A collection of recently released wines are worth our attention this week, the first group from Binyamina Wineries. Now the fourth largest winery in the country, producing about 2.6 million bottles annually, the winery has undergone considerable modernization and winemakers Sasson Ben-Aharon and Assaf Paz are going a long way in raising the quality of their upper and lower level releases.
Binyamina, Zinfandel, Reserve, 2008: Dark royal purple, opening with a sweet and floral California Zinfandel nose but then moving on to also show aromas of berries and cherries. Made from 14-year-old vines, developed in 300 liter American oak hogsheads, selected for their extra-fine grain to let the wood remain in fine balance with the fruits. Ripe and rich, with generous blackberry, peppery and sage notes, followed by a tempting note of licorice that rises on the long finish. Drink now-2014. NIS 100. Score 90. K
Binyamina, Cabernet Sauvignon-Petit Verdot, Yogev, 2009: Oak-aged for about six months in second- and third-year barriques to intentionally impart only a gentle feel of the impact of the wood. Medium- to full-bodied, with soft tannins, but the red berry and cherry aromas and flavors have far too much of a jammy note. Drink now. NIS 57. Score 84. K
Binyamina, Gewurztraminer, Late Harvest, 2009: Deep, almost bronzed gold in color, with some of the grapes impacted upon by botrytis cinerea, the "noble rot" that is responsible for many of the world's best dessert wines. Full-bodied and nearly thick in texture, with an appealing light note of botrytis funk to highlight aromas and flavors of honeyed dried apricots. Low in alcohol (9 percent ) and with fine balancing acidity to keep the wine lively, a tempting dessert wine. Drink now-2016, perhaps longer. NIS 85 for 375 ml. bottles. Score 92. K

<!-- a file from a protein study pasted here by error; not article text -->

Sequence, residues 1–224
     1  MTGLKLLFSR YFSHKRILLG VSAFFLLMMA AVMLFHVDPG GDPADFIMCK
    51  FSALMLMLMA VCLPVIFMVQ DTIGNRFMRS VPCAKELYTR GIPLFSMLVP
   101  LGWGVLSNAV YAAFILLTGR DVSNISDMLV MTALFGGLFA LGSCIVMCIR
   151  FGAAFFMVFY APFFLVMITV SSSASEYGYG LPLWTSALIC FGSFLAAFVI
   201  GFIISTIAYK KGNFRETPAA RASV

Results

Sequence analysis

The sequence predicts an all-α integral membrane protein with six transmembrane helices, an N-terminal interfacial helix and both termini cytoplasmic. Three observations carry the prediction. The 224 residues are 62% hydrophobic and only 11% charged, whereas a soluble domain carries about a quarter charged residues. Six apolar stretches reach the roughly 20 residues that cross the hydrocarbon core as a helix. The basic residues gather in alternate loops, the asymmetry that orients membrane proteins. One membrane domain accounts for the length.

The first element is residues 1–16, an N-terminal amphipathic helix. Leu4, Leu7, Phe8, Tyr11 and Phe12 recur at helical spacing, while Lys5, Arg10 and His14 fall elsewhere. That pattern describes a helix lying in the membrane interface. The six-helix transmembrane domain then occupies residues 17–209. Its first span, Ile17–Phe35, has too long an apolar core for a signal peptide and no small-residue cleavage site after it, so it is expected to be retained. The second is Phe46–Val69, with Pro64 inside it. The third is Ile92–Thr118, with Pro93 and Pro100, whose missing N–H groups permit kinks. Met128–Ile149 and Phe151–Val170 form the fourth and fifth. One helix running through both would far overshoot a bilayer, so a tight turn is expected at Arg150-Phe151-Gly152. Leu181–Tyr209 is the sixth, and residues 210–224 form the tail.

Set on Kibbutz Tzuba in the Judean Hills, the winery's first releases from the 2005 vintage were of 30,000 bottles. Founder Moti Tzamir was largely responsible for the production of the wines of 2005 and 2006, and with South African-born vintner and winemaker Paul Dubb now firmly in charge, the winery currently issues wines in three series: the top-of-the-line Hametzuda that will be produced only in selected years; Tel Tzuba of varietal and blended wines, and the popularly priced Hama'ayan. The winery also produces a red dessert wine.
The winery's grapes all come from the kibbutz's own vineyards, with Cabernet Sauvignon, Cabernet Franc, Merlot, Petit Verdot, Shiraz, Malbec and Pinot Noir grapes as well as white grapes Viognier, Chardonnay and Sauvignon Blanc represented. You can email them at email@example.com
Tzuba, HaMetzuda, 2007: Showing even better than at barrel tastings. Dark garnet with purple and orange reflections, a full-bodied blend of Cabernet Sauvignon, Cabernet Franc and Malbec (60 percent, 25 percent and 15 percent respectively ). Full-bodied and concentrated, with still firm tannins and generous wood waiting to settle in but already showing balance and structure that bode well for the future. On first attack purple plums and notes of mocha, yielding comfortably to an array of blackberry, cassis and orange peel, and on the long finish, notes of red cherries and red licorice. Long, generous and mouth-filling. Best from 2011-2015, perhaps longer. NIS 87. Score 92. K
Tzuba, Shiraz, Hametzuda, 2007: Made entirely from Shiraz grapes, gently oak aged and with generous mouth-coating tannins. On first attack huckleberries and blueberries, parting to make way for blackberries and a temptingly peppery background. Full-bodied, well-focused and concentrated. Tempting now but has the structure and balance for cellaring. Drink and enjoy now if you will but best from 2011-2014. NIS 87. Score 90. K
Tzuba, Pinot Noir, Tel Tzuba, 2007: Pinot with a distinctly Mediterranean flavor. Dark ruby in color, medium- to full-bodied, with generously caressing soft tannins. On first attack floral, mineral and raspberry fruits and then to black cherries, green tea and notes of both licorice and saddle leather. A multi-layered wine. Drink now-2012. NIS 78. Score 89. K